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Canadian Study Gave Homeless People $7,500, Found Spending on Drugs Dropped, Maintained Savings

Neil Campbell
Neil lives in Canada and writes about society and politics.
Published: December 21, 2022
A Canadian study found that giving homeless people a meaningful $7,500 cash infusion got them off the street and dropped drug and alcohol spending by 39%.
A homeless encampment is seen on June 7, 2021 in Toronto, Canada. A 2020 study found that giving a group of homeless a one-time $7,500 cash infusion not only got people off the streets and out of shelters, but spending on drugs, alcohol, and tobacco dropped while they maintained savings a year later. (Image: Ian Willms/Getty Images)

A small-scale study conducted by a Canadian non-profit found that meaningful cash infusions may be a real solution to homelessness, so long as the recipients aren’t suffering from severe mental health or substance addictions. 

The New Leaf Project was conducted by the Foundations for Social Change (FSC) and researchers from the University of British Columbia in 2020 in the form of a study targeting 115 Canadians aged between 19 and 64 who had been homeless for an average of the previous 6 months and were not struggling with chronic substance abuse or mental health issues.

A third of all study participants had children, a quarter were employed, with the gender balance split at 60-40 male to female.

The team gave 50 of the 115 individuals a $7,500 lump sum cash deposit to their bank accounts with the remaining 65 serving as a control group who only received the benefits of coaching.

Results, measured by a survey at 1, 3, 6, 9, and 12 months in addition to an open-ended interview at 6 and 12 months, found that for the cash-recipient group, the effects of a sudden cash infusion was markedly significant on lives.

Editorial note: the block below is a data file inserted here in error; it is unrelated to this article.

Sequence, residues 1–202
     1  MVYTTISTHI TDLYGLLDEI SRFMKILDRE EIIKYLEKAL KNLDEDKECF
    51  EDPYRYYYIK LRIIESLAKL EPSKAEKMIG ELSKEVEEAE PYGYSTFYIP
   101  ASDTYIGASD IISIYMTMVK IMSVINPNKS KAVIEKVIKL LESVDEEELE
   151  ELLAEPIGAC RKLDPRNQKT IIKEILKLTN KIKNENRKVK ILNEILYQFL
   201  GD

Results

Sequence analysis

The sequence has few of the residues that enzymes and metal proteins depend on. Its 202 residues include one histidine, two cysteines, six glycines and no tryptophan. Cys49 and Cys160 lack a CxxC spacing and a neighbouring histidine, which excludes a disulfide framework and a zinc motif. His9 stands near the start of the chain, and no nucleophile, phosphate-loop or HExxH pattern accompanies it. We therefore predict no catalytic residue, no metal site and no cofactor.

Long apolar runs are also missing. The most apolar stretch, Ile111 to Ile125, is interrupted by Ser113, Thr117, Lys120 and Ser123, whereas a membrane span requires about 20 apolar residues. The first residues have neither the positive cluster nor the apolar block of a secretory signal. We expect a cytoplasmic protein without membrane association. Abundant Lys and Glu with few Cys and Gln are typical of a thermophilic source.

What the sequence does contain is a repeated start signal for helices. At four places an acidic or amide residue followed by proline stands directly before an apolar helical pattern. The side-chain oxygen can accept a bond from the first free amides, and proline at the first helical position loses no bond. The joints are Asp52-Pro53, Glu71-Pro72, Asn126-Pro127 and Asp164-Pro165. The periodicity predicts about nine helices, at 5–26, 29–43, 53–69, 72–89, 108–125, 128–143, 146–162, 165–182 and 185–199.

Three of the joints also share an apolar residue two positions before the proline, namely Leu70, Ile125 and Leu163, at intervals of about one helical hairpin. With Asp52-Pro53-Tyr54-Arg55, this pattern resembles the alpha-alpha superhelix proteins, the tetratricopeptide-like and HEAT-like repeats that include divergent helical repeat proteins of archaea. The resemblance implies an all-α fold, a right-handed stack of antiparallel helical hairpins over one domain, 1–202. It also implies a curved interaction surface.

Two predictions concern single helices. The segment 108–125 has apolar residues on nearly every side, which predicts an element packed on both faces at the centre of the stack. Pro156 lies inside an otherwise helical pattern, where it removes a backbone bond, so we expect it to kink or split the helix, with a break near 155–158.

Moreover, researchers also found that contrary to popular stigma that the homeless would simply use a helping hand to buy a lot of drugs and alcohol, recipients not only maintained an average of $1,000 in savings 12 months later, but spending on substances and tobacco actually decreased by 39 percent on average.

Results stated, “Cash transfer recipients prioritized and increased spending on recurring staples like housing/rent, food, transportation, and utility bills.”

They added, “On average, cash recipients spent 52% of their budget on food and rent, 15% on ‘other’ items such as medications and bills, and 16% on clothes and transportation.”

One of the biggest takeaways from the Project was that recipients appeared to quickly use the money to move into a place they could afford and out of either the streets or the local shelters.

“On average, cash recipients moved into stable housing in 3 months (96 days) while participants who did not receive the transfer, moved into stable housing after an average of 5 months (144 days),” results showed.

The group found that the benefit to both society and taxpayers was ultimately significant enough that it turned a profit, “By spending fewer nights in shelters, the cash group saved the shelter system approximately $8,100 per person for a total of roughly $405,000 over one year.” 

“Factoring in the cost of the cash transfer, that’s a savings of $600 per person for society,” the group added.

FSC CEO Claire Williams told state-funded messaging outlet Canadian Broadcasting Corporation, “I had no expectations and really high hopes” for the study during an interview in 2020, adding that the results as they transpired were actually “beautifully surprising.”

Williams added, “It challenges stereotypes we have here in the West about how to help people living on the margins.”

The Project interviewed one recipient, named only Ray, who said his journey to homelessness hit suddenly. “One day everything was great. The next day, everything was gone. My job, my house, my everything, my money. It was gone.”

Ray described the cash infusion as giving him “a stepping stone.”

“I mean I was homeless. I had no real income, and when I did make the income it was to survive.”

Ray said his goal was to take advantage of his renewed circumstances to give back to the homeless community, being on the front lines of addiction and substance abuse recovery assistance systems.

Williams explained in her interview with CBC that just a single homeless person costs the Canadian taxpayer approximately $55,000 annually in social and health services.

“The common belief is that the status quo is cheap… in fact, it is incredibly expensive,” she said.